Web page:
I read Fire Instructors books, go to classes, to gain and to improve my abilities. But unless I put the hours on the front line, I can't be a quailifed instructor. FIre service I'm very Book smart, but unless I have a certified instructor, that doesn't make me a Norman, O'Connell, Ciampo, or McCormack.
A instructor must take the time to get their noses out of the book and get their bodies into the fire. Anyone can take a written test and read a book. But to be the best fire instructor you need to have the ash on you boots..........
Hopefully more ff in this state will become aware that we need to have high mims to be a Instructors. Thank you.
SIncerely, Keep up the great things your doing in ours state, bro
your sis
Jenn
Jenn,
Cerified is a paper, that said I have a number of folks that are great Instructors that are very well respected and do nt have the paper to put on the wall. Yes you must put in the time and have the knowaldge but it will not make you a better person just because you have the paper. Stay Safe

Jenn Ross..aka "J-RO" said:
Brian, My helmets off to you. Just because you set through all the training classes, I don't feel it makes you QUALIFIED TO INSTRUCT the class. I've taken classes from some of the top firefighters in the country. But the quality of the teaching must come from the CERTIFIED Instructor. Who has put the time or years, sweat, and mind set to deliver quality instruction. Minimum must be closely looked at. I've been involved in the fire service for over 20 yrs., however I don't feel that I have the qualification or certification to teach your class, because I haven't had the 20 yrs in the the firehouse.
I read Fire Instructors books, go to classes, to gain and to improve my abilities. But unless I put the hours on the front line, I can't be a quailifed instructor. FIre service I'm very Book smart, but unless I have a certified instructor, that doesn't make me a Norman, O'Connell, Ciampo, or McCormack.
A instructor must take the time to get their noses out of the book and get their bodies into the fire. Anyone can take a written test and read a book. But to be the best fire instructor you need to have the ash on you boots..........
Hopefully more ff in this state will become aware that we need to have high mims to be a Instructors. Thank you.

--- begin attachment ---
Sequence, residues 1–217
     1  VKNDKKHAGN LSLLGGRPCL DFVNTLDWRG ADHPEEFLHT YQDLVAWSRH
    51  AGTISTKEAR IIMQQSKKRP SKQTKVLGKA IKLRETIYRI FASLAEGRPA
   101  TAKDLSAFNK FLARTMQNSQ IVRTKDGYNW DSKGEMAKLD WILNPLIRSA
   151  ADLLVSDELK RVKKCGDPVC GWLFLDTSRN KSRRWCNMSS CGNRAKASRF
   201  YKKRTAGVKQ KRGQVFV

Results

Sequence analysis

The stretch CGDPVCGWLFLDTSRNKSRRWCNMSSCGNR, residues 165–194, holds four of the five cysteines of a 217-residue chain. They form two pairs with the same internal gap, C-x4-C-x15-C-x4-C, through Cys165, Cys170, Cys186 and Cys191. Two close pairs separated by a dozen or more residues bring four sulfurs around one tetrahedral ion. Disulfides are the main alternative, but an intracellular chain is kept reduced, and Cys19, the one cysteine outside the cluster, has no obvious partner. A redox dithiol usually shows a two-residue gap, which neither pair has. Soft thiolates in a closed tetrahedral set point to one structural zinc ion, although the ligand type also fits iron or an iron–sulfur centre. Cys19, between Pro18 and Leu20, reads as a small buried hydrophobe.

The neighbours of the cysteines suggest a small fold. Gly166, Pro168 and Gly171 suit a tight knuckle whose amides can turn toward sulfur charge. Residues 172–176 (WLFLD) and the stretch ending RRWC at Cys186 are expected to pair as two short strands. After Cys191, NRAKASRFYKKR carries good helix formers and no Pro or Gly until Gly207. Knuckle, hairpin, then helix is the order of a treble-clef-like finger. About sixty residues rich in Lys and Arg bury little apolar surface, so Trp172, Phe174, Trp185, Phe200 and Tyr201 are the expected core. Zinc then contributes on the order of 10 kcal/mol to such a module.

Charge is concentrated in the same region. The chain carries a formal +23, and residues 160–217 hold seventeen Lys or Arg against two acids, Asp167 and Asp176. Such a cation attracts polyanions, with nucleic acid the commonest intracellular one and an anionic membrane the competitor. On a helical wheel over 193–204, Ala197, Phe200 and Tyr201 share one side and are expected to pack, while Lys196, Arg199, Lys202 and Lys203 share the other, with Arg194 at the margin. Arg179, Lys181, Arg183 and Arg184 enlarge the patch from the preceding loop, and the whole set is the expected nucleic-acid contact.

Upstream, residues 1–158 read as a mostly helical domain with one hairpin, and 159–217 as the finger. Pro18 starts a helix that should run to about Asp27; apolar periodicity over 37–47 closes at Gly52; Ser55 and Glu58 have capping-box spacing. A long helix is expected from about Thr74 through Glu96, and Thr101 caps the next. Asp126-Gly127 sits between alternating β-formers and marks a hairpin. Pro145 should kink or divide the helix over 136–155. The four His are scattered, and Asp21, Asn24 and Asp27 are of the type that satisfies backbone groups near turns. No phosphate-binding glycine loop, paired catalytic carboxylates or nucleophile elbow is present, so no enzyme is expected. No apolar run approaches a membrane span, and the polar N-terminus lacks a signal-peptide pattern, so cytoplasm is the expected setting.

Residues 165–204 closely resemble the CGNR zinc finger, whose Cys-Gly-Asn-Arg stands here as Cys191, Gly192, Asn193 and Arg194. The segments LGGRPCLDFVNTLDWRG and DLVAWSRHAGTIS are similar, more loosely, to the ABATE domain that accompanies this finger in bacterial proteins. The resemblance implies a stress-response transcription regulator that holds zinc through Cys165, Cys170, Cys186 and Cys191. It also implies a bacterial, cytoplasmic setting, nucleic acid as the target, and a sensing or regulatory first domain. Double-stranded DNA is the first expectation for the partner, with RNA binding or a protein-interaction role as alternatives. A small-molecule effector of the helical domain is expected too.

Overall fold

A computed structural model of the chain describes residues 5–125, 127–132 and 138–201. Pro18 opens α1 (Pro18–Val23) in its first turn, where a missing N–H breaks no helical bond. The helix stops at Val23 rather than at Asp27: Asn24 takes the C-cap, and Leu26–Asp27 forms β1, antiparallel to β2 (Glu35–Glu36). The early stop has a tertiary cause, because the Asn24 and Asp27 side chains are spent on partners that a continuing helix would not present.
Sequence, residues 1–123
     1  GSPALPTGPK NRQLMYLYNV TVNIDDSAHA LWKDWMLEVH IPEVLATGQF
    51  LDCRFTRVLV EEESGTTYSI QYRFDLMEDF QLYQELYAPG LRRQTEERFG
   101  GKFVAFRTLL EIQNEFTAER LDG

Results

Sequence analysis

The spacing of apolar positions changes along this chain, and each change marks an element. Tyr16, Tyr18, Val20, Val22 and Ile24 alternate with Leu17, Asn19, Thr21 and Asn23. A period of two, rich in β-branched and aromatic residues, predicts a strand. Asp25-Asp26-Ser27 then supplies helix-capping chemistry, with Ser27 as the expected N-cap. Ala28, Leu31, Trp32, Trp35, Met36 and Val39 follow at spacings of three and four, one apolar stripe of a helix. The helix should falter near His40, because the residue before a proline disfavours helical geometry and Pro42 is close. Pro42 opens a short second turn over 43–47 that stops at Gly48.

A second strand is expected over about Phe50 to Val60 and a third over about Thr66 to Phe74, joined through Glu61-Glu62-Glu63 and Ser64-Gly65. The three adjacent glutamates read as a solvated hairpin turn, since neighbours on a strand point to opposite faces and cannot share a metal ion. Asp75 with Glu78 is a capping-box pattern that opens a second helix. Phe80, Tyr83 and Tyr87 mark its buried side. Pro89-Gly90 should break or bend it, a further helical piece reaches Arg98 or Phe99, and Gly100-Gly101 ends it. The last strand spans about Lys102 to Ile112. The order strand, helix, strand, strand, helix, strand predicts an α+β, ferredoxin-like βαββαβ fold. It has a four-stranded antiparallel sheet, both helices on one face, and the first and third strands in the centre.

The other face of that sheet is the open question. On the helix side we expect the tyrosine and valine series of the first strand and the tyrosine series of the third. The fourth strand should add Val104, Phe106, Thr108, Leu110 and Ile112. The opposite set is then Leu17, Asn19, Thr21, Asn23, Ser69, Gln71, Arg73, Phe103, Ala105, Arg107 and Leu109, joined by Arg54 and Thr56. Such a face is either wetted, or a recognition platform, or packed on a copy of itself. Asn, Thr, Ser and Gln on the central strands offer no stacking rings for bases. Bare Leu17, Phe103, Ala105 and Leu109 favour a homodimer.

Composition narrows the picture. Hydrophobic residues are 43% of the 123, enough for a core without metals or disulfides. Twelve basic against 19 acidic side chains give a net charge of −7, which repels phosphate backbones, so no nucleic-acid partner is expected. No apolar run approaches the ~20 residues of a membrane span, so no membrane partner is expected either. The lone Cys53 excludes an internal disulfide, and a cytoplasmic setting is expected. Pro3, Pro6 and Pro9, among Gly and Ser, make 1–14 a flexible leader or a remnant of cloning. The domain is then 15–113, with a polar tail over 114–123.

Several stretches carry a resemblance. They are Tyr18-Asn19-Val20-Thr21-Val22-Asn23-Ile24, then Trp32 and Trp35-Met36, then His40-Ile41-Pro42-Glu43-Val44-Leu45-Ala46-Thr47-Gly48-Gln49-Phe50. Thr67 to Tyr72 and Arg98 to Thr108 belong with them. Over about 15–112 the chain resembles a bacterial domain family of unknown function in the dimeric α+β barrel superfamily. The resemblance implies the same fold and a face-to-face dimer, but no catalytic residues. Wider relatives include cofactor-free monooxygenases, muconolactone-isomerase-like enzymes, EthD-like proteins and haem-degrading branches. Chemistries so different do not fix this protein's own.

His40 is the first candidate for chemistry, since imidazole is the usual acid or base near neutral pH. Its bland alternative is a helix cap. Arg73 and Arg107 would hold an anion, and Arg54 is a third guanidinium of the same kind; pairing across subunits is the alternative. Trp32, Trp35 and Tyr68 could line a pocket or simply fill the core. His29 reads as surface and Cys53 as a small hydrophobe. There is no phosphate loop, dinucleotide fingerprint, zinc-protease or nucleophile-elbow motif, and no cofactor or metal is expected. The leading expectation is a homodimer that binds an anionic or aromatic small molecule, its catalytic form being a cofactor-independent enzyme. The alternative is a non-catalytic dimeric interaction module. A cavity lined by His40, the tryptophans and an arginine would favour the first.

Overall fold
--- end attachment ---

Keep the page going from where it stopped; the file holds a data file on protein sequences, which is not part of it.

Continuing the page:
SIncerely, Keep up the great things your doing in ours state, bro
your sis
Jenn
Tim you are right. I rather have a instructor like you that had followed or trained with. A sr instructo, then one who has a pretty wallpapered office. My hats off to you too. I'm trying to finish my degree too, but unless I have the time, I won't feel that I will be that quailified or certified as a instructor. Thank you too.
Jenn
Tim and Jenn,
It appears that we all feel the same way. What I'm really looking for is what are your local or state requirements that balance out the field experience with the classroom knowledge (certification). There has to be a starting point for a firefighter to begin their formal teaching of other brothers and sisters. What I've found so far is that it is one extreme or another. No experience but lots of papers hanging on the wall with their certifications or Tons of experience and little to no certifications. Oklahoma is a prime example- Fire Inst. I and you can be on your way influencing others in your own personnal beliefs without any life experiences to go with it. There has to be a balance.
Brian
Brian,
In Minnesota you are required to have a min. of 5 years on the job FF I & II (not certified) and Fire Inst. I before you can teach for our college system as a part time Inst. Now have there been casses were that can change, yes if we need an expert in building const. I have take one of my new firefighters and had them help me with a building const. class because they do that for a living, they talk building and I talk fire it is a great combo.Bottom line is you must know who you are getting. 25 years of service is not what it sounds if you were on the nozzle 3 times. This is not any easy topic due to all the opinons out there keep the faith and never give up.
Tim,
Sounds like you guys are pointed in the right direction. Careful hanging out with OG, he always manages to make me smile uncontrollably.

Stay safe,
Brian
OG not picking up what your saying?
Brian, Do you really think we could change the OKIE way of thinking? Why couldn't there be a mims of 5 yrs on the line before training for a instructor? I know of a dept close to my area that one of the instructors has only 4 yrs of experience as a firefighter, and 2 of those have been a training instructor, at their academy , and his degree is in police science. ( I promise I keep my police officer jokes to myself). But if there were mims of 5yrs experience and then a apprenice for at least 1 yr, with a seasoned instructor.. As Tim said they do in Minn., to get field experience.
Jenn
Tim,
Sorry. I saw the picture of you and Dave Gallager (OG=old Gallager vs. his son YG=young gallager) He's a friend of mine.